Archive for the ‘General Commentary’ Category

My first LED fixture - 2004-2006

My first LED fixture – 2004-2006

This is my last bit of housecleaning from blogs being shut down, for the archives. KLW

This fixture is my very first LED light. It started life to be a halogen fixture in 2004, that sat on a workbench waiting completion. The first head got so hot from the 50W 12V light source, it was dangerous, so it sat as I decided what to do with it.

In 2005, as LEDs became viable for lighting, I pondered using them to replace the halogen source, but they delivered so little light, the end product was useless as a desk lamp, so it sat some more. One idea was to insert a Lamina BL3000 LED into the head, but the driver was huge, the light output too little, and the heat still an issue.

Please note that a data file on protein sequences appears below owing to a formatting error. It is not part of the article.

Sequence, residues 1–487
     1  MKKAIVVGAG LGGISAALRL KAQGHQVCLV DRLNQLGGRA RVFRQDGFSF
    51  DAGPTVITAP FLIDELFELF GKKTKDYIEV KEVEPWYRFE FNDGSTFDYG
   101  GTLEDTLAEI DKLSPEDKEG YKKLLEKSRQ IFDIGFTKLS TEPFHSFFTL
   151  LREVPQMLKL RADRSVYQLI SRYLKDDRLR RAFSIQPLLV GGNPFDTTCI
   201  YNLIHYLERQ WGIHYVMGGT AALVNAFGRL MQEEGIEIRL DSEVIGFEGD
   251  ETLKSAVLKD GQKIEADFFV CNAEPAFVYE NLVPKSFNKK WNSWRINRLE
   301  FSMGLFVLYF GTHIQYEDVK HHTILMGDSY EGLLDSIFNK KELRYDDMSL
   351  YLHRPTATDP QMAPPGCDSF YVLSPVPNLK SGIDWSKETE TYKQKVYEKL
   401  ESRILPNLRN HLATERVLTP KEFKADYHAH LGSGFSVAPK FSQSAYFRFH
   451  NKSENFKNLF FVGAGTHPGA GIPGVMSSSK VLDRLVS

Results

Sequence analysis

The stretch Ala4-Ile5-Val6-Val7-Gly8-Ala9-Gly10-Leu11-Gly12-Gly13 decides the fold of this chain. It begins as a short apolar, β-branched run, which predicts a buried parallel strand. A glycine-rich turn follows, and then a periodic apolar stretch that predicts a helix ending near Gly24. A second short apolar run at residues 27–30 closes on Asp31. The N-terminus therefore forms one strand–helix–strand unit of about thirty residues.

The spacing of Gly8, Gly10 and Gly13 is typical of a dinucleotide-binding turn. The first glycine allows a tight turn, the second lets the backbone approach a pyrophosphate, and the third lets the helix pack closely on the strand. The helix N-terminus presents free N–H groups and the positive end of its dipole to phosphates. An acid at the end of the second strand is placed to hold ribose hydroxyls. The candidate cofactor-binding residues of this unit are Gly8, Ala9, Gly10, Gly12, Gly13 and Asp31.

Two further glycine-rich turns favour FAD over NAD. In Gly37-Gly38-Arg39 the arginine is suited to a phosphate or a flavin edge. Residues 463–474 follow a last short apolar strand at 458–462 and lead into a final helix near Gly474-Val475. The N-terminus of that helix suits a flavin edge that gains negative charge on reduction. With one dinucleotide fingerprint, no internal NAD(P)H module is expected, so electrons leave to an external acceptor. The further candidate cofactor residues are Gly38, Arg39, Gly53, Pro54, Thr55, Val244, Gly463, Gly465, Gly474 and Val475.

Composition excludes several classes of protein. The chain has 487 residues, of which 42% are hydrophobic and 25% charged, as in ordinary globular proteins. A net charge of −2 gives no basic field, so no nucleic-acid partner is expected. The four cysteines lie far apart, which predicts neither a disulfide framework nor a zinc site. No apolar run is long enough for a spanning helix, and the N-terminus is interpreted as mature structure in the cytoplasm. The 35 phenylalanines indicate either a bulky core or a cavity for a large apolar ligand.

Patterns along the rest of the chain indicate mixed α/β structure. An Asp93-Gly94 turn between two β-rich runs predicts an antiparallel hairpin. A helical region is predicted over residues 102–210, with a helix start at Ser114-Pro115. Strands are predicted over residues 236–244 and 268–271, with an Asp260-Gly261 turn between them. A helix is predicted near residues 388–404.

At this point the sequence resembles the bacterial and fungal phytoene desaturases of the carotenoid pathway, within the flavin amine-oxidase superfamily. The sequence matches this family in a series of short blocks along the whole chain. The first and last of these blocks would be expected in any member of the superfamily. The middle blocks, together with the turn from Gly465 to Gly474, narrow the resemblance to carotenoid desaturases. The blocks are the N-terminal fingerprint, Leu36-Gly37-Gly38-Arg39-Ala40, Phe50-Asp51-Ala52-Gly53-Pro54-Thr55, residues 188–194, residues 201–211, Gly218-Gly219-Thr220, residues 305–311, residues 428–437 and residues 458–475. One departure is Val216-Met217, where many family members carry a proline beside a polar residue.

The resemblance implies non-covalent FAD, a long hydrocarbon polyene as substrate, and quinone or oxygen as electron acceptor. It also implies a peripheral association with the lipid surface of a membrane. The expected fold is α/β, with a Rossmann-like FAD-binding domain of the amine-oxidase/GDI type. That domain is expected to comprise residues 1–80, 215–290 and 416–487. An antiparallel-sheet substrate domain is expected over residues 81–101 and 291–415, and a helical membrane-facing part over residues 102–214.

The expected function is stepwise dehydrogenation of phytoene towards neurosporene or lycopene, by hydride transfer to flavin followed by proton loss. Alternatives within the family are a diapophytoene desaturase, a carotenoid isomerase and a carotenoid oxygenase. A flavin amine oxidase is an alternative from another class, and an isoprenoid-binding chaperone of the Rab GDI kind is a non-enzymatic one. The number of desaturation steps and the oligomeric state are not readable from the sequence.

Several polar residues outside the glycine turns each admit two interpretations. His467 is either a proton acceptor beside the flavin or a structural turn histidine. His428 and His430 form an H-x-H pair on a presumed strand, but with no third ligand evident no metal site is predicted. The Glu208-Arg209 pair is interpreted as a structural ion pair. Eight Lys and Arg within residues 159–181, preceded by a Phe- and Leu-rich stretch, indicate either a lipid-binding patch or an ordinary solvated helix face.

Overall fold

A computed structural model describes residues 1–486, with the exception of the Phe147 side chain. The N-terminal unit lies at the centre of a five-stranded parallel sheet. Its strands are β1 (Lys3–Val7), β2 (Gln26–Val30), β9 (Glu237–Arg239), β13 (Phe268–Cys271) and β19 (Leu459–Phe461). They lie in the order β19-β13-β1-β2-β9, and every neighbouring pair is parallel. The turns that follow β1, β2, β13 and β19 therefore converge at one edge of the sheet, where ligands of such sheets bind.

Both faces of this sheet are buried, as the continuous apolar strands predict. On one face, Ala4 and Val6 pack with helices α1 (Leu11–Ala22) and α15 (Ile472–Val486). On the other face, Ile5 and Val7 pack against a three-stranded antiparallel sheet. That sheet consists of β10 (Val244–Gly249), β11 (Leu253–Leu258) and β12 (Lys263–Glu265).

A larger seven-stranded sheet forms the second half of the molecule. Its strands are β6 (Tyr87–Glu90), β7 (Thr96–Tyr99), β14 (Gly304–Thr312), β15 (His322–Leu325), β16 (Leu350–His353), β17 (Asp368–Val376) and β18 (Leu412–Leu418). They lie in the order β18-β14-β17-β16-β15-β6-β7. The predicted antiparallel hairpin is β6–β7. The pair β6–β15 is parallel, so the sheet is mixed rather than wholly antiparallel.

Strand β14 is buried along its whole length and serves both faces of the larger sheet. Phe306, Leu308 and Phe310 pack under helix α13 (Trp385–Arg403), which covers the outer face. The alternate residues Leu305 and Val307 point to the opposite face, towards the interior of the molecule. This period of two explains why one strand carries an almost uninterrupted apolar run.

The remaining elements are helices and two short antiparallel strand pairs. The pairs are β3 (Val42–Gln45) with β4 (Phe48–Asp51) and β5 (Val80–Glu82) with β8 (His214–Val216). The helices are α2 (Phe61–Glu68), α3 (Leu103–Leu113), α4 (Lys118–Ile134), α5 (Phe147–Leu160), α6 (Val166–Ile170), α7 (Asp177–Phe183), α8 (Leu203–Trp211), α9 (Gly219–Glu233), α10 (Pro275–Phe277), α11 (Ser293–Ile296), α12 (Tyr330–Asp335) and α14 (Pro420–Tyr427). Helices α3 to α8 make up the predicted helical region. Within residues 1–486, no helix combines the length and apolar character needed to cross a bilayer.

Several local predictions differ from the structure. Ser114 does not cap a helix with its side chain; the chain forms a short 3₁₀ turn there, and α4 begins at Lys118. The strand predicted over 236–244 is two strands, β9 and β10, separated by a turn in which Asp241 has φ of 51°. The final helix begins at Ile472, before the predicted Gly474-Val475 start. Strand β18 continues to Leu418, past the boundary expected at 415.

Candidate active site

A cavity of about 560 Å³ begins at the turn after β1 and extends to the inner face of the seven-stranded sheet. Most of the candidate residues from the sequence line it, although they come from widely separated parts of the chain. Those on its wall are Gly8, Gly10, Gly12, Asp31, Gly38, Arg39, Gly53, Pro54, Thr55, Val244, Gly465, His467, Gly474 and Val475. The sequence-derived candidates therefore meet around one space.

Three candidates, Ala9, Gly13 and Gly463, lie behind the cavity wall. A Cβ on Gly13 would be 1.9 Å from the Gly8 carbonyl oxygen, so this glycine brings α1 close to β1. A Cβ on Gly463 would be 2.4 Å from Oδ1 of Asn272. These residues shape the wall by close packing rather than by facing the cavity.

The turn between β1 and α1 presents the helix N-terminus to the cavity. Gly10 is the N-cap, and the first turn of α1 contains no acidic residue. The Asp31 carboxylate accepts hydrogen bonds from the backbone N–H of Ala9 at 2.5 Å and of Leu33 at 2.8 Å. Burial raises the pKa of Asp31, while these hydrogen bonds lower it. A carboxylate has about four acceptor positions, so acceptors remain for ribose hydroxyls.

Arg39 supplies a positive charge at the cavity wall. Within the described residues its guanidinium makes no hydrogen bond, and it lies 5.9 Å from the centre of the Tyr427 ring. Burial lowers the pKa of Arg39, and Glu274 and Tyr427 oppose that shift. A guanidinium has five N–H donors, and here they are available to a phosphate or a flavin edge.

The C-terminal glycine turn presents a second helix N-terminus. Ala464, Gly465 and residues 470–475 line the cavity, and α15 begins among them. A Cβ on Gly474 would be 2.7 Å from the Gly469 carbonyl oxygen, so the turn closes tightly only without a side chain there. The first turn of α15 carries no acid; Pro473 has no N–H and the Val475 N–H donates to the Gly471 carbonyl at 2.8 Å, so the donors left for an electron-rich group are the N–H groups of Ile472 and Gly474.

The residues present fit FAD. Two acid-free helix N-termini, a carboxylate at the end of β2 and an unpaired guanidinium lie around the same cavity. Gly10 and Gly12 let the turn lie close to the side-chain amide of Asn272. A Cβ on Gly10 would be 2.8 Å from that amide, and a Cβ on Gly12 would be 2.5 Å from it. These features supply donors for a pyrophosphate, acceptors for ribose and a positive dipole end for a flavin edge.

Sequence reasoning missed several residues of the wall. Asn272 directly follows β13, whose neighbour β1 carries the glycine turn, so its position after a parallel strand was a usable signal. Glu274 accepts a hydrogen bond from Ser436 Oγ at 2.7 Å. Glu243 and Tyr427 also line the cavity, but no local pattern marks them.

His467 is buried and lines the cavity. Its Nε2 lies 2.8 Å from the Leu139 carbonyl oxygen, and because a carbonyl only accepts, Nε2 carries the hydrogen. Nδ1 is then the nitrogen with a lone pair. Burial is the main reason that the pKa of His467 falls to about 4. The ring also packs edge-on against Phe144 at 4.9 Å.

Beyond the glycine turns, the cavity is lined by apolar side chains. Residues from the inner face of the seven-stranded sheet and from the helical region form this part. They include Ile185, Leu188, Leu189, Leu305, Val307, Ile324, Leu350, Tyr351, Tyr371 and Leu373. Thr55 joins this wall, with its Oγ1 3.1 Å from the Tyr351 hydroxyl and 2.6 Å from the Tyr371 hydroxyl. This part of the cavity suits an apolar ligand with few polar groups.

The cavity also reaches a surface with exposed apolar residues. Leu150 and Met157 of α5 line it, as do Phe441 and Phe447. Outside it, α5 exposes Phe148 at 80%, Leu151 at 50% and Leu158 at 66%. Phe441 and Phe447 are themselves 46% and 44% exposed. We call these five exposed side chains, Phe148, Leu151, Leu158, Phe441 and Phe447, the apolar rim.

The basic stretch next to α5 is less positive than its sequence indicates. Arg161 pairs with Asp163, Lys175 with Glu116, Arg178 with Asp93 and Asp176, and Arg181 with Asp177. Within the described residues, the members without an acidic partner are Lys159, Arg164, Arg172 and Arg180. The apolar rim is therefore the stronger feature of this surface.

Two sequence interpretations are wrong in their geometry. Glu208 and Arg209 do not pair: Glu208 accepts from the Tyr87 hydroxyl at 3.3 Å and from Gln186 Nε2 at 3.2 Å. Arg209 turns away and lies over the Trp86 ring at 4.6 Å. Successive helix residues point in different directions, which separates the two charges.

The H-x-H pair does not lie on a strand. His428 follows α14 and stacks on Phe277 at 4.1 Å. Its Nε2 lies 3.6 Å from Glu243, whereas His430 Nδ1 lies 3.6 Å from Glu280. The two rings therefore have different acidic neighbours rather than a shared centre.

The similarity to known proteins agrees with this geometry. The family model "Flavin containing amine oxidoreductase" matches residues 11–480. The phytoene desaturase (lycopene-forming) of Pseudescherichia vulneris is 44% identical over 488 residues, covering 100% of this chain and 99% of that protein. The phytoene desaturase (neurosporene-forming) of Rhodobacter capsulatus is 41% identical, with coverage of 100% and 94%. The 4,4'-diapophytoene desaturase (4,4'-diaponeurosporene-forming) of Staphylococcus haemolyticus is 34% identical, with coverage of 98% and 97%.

Then, in early 2006, while at Visa Lighting, Don Brandt (an engineer working with me at Visa, formerly from Emteq, now working at Cree I believe) were talking through ways of applying the latest mid-power LEDs using a simple PCB. We decided to give it a shot and built a board populated by a vendor with 8 Nichia LEDs. The inspiration struck to power these LEDs with two Xitanium drivers, which at the time were un-potted prototypes, so cutting them out of their housing to be installed in clear tubes to show their interiors off was easy enough. Two push-button switches activated the drivers for a high-low effect, and a heat sink was made up of a machined aluminum block installed in the head where the original halogen lamp and reflector once lived. More details and images of this can be found on the Lumenique archives for the Ratchet fixture.